The Home Office cannot dictate in the immigration rules exactly what Article 8 means and what would be a disproportionate breach for every case. A judge may find that even if you don't meet the requirements of the immigration rules, you would suffer a disproportionate breach of your Article 8 rights if you were deported.
See below for legal challenges to deportations.
There is no longer an automatic right to appeal a decision to deport you.
You may have grounds, however, for a claim that does have the right of appeal if refused - a human rights claim based on Article 8 family life in the UK, for example).
Generally, there is no legal aid available if you have the right to appeal while in the UK, unless the appeal is based on refugee grounds or Article 3 human rights grounds.Read more in BID's factsheets on appealing deportations >
If at the time of a decision to deport you, there are asylum or human rights grounds that mean you need to stay in the UK and you have not already informed the Home Office of these or made an application, you need to do so now.
Around the time of the decision to deport you, you will have been issued with a "one-stop notice". On this form, you can state any reasons you have not already told the Home Office why you need to stay in the UK. You need to make sure you send the form back by the date specified on the one-stop notice. If you miss the deadline, attach your reasons for why you are sending it late - but it is important for your case to try and send it back in time.
If you do not mention asylum and human rights reasons you need to stay in the UK on the one-stop notice, and then make an asylum or human rights application, the Home Office may certify your application, meaning you have no right to appeal a refusal.
If this happens to you, you may have the option of a judicial review.
If you do not have the right to appeal the deportation decision, and you have not yet made a human rights or asylum application that you need to make, you may have the option of applying for a judicial review (including an injunction to stop your deportation) particularly if your deportation is going to happen very soon.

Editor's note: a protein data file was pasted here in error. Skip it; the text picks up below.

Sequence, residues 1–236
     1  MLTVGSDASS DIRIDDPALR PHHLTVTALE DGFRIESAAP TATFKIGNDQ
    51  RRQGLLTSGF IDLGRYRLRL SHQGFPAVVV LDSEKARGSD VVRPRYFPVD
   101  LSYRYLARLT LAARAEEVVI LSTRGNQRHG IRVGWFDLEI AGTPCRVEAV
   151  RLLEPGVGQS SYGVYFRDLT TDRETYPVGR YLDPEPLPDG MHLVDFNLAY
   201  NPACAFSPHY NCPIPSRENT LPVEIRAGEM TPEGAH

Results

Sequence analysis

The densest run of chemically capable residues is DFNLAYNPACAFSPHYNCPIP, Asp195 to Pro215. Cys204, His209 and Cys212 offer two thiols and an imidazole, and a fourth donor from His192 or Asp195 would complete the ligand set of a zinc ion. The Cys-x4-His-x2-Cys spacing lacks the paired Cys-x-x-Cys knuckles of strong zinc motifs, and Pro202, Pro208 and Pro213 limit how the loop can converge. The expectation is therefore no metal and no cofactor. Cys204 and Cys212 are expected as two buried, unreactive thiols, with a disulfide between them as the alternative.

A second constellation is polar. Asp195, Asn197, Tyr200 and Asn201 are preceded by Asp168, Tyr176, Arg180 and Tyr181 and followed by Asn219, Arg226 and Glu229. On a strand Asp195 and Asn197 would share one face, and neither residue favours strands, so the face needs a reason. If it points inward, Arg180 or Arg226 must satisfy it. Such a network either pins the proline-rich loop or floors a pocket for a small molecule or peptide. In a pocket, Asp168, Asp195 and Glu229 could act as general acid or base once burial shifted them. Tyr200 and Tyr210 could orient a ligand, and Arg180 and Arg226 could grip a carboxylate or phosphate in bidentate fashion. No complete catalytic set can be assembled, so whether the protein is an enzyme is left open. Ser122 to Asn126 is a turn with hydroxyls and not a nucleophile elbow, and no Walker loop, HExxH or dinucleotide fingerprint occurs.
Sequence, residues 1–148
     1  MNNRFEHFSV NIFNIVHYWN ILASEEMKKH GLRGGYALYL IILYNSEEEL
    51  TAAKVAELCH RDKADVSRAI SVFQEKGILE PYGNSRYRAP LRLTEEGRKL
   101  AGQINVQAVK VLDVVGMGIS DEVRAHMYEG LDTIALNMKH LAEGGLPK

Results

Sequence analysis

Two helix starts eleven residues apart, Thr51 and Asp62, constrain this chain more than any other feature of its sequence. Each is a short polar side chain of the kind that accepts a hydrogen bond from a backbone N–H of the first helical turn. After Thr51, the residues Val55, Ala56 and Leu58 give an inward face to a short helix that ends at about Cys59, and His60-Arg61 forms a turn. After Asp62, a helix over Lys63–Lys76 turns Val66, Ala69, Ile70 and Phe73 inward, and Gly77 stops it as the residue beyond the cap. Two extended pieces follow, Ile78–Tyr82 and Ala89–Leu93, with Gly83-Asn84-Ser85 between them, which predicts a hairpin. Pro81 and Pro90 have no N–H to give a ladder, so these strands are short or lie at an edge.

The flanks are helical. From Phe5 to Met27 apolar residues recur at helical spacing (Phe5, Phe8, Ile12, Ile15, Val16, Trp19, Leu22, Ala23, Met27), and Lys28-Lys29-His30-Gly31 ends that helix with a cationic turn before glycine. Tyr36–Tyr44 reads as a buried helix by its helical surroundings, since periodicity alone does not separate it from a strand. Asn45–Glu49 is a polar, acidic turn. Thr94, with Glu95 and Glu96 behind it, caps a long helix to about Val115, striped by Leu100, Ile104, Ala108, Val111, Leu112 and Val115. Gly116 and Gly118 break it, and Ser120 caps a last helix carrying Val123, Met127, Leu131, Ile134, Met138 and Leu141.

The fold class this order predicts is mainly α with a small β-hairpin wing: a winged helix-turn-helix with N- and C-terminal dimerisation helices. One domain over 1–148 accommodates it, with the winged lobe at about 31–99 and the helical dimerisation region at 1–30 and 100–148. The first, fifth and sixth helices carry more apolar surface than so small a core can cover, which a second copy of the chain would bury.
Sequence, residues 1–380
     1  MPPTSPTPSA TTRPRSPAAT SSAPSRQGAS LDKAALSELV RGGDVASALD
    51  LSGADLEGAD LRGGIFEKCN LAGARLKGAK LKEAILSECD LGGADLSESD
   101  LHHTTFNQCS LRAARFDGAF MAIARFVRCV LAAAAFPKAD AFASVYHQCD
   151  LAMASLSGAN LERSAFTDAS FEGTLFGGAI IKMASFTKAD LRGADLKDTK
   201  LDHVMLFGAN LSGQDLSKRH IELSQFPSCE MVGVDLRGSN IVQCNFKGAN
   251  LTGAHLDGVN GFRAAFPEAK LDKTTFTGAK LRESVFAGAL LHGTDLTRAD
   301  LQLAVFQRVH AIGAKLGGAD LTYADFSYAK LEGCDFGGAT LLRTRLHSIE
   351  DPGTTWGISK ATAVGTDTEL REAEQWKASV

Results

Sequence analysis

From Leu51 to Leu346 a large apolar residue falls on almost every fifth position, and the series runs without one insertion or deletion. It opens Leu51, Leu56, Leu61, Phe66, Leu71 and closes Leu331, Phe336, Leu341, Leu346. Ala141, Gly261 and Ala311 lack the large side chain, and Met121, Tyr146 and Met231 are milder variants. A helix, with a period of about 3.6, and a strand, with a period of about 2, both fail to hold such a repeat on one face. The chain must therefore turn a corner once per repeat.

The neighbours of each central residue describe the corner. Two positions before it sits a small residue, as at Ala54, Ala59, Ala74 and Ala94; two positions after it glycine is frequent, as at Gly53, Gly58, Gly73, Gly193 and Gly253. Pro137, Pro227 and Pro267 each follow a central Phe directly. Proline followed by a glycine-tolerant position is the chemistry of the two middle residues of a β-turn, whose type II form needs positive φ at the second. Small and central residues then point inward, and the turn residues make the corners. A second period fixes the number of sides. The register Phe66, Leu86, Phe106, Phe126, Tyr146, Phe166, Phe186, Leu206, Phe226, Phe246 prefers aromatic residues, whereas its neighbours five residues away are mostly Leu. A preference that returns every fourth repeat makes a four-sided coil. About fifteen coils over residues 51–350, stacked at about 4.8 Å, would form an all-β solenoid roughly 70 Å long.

Judicial reviews are very complicated, however, and very hard to do without a lawyer. Read more here.
This is a last-minute action that may be possible if someone has been issued with a "courtesy letter" that gives details of the removal/deportation flight.
Taking action for the right to remain cannot just be about stopping a flight – if contacting the airline successfully stops the flight, this may buy some time for other actions to be taken and for legal avenues to be pursued.
Your supporters can contact the airline, explain you are being taken against your will and why you should not be taken from the UK, and ask the airline not to accept you on the flight.
Read more here.
This action is more likely to succeed if you are already in contact with your MP about your case. Your MP may be able to contact the Home Office directly (asking to speak to or meet with the Home Secretary or Immigration Minister specifically if necessary) and ask them to cancel the removal/deportation while important legal actions are taken.
Read more here.
It is hard to allow yourself the space and the time to think about what will happen if you are removed/deported. It is hard for both the person facing removal/deportation, and supporters, because it can feel like admitting defeat before the fight is over. But some people may find it helpful to think through what might happen, and what they can do to prepare themselves.
Read more here.